We very much like our new (to us) rig, but we are still grieving a bit over the Safari. There is no comparison, really, and even today, as we were going about our recycle route, we spied a Safari at an overlook and had to pull in there to have a closer look-see. No one was around, so we just circled it admiringly and went on our way.

Daughter Stephanie and granddaughter Tia
We did manage to get in contact with the person who bought our Safari... Yes, it sold immediately. Well, of course, it was gorgeous! A local pastor bought it and plans to live in it after he retires... Cool!

We were blessed to see two of our children recently. First, daughter Stephanie came through during travels from California to Utah. We didn't have much time to see her since she was only here a short while, but it sure was a special treat, anyway.

Also, our oldest son, Norman, came through on the truck he drives. He is a Certified Driver Trainer for a large Salt Lake City truck line. He too, didn't have much time, but we managed to share a meal together and enjoy a delightful couple of hours visiting.

On the way home from our visit with Norman, our car seemingly lost its transmission. There we were, suddenly coasting ever slower in the middle lane of a very busy freeway... on Saturday night... in Las Vegas! Cars were whizzing past us on both sides at 70+ mph while Richard desperately tried to move toward the semi-safety of the right shoulder. We were adrift and powerless and fast becoming a sitting duck... er, make that: toad.

Our Ford warrantee includes towing, so we called and were soon told help was on the way. Yay, Ford!!

An hour later, we were still sitting against a wall on a narrow shoulder... on a curve! Late night Las Vegas traffic was in a hurry and half drunk. Many times, we were only missed by inches.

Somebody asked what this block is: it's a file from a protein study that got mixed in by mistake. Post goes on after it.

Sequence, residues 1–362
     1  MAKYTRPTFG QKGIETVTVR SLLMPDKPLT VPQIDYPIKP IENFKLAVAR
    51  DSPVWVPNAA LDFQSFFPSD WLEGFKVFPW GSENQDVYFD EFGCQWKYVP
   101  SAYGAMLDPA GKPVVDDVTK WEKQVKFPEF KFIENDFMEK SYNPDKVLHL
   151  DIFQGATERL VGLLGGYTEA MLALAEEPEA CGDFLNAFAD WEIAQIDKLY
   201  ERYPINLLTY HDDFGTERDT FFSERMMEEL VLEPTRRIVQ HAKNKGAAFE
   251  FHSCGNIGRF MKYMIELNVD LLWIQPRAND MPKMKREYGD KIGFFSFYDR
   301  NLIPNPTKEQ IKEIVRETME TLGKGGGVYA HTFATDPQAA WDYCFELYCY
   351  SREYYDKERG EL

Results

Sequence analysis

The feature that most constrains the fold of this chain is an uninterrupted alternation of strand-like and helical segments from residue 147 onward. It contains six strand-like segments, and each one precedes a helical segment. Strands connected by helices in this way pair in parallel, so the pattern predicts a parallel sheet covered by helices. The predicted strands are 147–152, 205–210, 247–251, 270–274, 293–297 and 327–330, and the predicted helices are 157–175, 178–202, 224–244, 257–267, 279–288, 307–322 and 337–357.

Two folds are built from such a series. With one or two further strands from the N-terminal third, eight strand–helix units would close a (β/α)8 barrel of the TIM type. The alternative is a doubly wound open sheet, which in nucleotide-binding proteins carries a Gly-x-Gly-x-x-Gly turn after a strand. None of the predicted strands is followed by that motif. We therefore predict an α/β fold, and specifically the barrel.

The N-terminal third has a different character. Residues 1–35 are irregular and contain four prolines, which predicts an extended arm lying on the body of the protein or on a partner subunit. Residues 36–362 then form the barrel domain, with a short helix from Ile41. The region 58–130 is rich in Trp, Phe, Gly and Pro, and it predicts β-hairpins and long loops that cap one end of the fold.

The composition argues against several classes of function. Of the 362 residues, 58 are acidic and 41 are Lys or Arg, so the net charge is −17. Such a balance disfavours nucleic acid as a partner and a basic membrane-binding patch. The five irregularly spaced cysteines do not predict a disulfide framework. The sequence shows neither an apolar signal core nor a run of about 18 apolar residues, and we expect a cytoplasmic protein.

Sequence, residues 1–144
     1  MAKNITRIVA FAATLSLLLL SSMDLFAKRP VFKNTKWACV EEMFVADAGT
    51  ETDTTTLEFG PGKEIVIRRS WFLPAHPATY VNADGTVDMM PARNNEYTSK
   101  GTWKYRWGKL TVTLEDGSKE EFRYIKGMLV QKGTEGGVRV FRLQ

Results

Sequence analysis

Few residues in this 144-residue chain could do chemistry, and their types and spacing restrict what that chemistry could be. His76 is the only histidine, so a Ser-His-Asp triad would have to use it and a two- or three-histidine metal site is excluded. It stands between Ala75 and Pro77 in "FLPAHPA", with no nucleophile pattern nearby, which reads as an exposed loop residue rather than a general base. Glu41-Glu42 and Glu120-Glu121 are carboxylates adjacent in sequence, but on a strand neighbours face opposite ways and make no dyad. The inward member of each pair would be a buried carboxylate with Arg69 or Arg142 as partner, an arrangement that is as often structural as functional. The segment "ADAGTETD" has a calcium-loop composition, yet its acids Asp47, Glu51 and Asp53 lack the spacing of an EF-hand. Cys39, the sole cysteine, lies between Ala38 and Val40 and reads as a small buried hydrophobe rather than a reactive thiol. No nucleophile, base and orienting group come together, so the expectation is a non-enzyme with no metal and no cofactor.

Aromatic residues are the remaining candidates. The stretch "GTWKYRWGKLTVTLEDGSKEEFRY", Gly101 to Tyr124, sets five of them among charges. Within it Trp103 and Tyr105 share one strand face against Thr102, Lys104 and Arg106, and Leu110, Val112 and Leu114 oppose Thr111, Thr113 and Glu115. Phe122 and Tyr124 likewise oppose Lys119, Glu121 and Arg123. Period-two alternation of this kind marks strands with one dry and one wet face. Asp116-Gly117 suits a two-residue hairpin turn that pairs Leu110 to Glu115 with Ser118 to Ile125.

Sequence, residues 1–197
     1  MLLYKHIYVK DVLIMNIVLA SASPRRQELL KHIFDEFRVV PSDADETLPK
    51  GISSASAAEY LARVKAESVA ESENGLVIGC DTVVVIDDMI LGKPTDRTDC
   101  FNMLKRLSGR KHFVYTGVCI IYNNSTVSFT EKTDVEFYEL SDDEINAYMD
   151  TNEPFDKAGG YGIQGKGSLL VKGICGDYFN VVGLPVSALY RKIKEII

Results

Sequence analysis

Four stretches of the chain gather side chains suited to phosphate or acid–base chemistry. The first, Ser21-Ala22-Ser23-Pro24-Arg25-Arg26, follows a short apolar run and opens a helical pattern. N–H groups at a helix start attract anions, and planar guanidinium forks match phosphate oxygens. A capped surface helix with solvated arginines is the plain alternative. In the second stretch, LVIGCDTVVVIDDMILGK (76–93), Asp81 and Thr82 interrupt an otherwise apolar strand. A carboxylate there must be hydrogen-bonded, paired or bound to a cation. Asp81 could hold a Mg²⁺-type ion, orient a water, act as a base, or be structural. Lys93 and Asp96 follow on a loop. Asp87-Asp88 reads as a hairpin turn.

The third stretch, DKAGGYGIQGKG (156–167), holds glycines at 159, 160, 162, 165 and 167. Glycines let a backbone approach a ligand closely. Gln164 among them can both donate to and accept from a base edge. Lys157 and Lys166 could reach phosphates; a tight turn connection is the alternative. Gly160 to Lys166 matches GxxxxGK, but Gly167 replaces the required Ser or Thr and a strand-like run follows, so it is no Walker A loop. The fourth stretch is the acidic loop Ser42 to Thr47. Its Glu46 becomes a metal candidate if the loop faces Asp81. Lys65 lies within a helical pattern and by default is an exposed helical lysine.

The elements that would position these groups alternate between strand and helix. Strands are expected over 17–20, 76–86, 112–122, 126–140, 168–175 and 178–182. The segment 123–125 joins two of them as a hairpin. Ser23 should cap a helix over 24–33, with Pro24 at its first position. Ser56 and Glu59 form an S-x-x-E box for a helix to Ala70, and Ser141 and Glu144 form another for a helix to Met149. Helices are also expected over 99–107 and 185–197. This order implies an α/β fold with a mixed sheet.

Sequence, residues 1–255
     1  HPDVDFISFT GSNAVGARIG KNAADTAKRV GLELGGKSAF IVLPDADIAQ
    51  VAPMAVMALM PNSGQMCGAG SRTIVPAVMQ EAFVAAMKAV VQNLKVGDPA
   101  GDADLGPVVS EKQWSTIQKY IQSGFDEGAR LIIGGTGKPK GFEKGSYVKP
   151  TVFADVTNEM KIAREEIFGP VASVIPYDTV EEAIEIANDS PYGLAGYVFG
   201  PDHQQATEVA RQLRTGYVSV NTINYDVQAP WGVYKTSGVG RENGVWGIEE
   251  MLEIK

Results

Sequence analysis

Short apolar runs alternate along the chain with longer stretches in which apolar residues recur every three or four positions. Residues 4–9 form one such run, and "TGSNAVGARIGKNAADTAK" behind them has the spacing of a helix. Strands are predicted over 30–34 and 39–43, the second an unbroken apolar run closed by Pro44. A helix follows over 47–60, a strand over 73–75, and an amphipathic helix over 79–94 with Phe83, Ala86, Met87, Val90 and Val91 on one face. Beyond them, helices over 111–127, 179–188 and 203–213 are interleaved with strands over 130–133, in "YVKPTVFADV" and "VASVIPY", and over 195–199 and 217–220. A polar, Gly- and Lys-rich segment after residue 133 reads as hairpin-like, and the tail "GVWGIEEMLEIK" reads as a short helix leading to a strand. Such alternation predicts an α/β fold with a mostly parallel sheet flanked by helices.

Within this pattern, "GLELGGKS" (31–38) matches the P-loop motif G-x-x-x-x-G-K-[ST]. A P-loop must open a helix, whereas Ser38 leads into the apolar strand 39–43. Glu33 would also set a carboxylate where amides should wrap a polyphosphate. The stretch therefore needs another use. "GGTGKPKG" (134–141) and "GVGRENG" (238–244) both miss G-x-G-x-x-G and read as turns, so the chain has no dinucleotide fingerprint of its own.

We called again. They are coming, it's a busy night. Yeah, tell us about it! 

Over two hours later, we watched as the Little Green Toad was dropped off at a Ford dealership and the tow truck drove away... It was late at night and we were there alone. 

Granddaughter Tia to the rescue! Three in the morning and we're 50 miles away, she doesn't care, she's there for us. What a trooper! She came for us and loaned us Eddie's pickup. Eddie is in Korea and won't be driving it for a while... still yet, we are so blessed!!

A few days later, we were back in the Little Green Toad. The transmission was fine all along, but the computer had gone berserk and in an evil attack, disabled the transmission. Hmmm? Hope they were able to rehabilitate the computer so that never happens again!

Vegas excitement never ends. The food and the wine and the money flows 24/7. But it is the food that really beckons... The town is full of buffets; some are fantastic and very reasonable. The other night, we went to a casino for a nice buffet dinner.  Just as we began our desserts, pandemonium broke out. Amid loudspeaker instructions to stay calm, lights were flashing, alarms were going off and tourists were yelling and taking pictures of the smoke coming up the escalators. 

We, like some of the locals, continued to eat our diner. There was no where to immediately go, anyway. The Bingo room was open, so we went on in until all the panic was over. It seems a slot machine had caught fire and scorched part of a wall.
Here I am looking like a tourist. 

 Yes, we are enjoying our stay here but are about ready to move on. We have been signed on with the Forest Service to be camp hosts at the Boise Creek Campground in Big Foot country near Willow Creek, CA. We will be leaving here at the end of April.

We are expecting our first Hurricane motorhome house guests! Ruddy and Merida, dear friends from Florida, will be coming in early March. They live in an RV, too, so will be comfortable here. We are so excited to see them!  

Maybe by the time they get here I will have this motorhome and everything in it all organized.... Nah, that's a pipe dream because when I can't recall where things go, I end up putting them in a new place, and the confusion starts all over again, hehehe.

Saturday, February 2, 2013

Our New Digs